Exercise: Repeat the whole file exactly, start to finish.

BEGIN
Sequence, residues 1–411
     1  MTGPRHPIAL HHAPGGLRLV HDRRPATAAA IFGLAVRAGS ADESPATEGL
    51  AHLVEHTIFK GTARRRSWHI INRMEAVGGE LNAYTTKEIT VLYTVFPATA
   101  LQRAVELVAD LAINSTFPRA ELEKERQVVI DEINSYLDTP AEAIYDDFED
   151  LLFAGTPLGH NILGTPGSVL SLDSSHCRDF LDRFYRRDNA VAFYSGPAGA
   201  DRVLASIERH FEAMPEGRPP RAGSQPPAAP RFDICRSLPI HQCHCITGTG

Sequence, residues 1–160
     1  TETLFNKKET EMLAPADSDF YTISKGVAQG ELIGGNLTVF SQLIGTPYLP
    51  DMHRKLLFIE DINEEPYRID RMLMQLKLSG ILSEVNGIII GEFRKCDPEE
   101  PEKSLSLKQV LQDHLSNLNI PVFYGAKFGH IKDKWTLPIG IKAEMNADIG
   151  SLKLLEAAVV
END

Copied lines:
Sequence, residues 1–411
     1  MTGPRHPIAL HHAPGGLRLV HDRRPATAAA IFGLAVRAGS ADESPATEGL
    51  AHLVEHTIFK GTARRRSWHI INRMEAVGGE LNAYTTKEIT VLYTVFPATA
   101  LQRAVELVAD LAINSTFPRA ELEKERQVVI DEINSYLDTP AEAIYDDFED
   151  LLFAGTPLGH NILGTPGSVL SLDSSHCRDF LDRFYRRDNA VAFYSGPAGA
   201  DRVLASIERH FEAMPEGRPP RAGSQPPAAP RFDICRSLPI HQCHCITGTG

Sequence, residues 1–160
     1  TETLFNKKET EMLAPADSDF YTISKGVAQG ELIGGNLTVF SQLIGTPYLP
    51  DMHRKLLFIE DINEEPYRID RMLMQLKLSG ILSEVNGIII GEFRKCDPEE
   101  PEKSLSLKQV LQDHLSNLNI PVFYGAKFGH IKDKWTLPIG IKAEMNADIG
   151  SLKLLEAAVV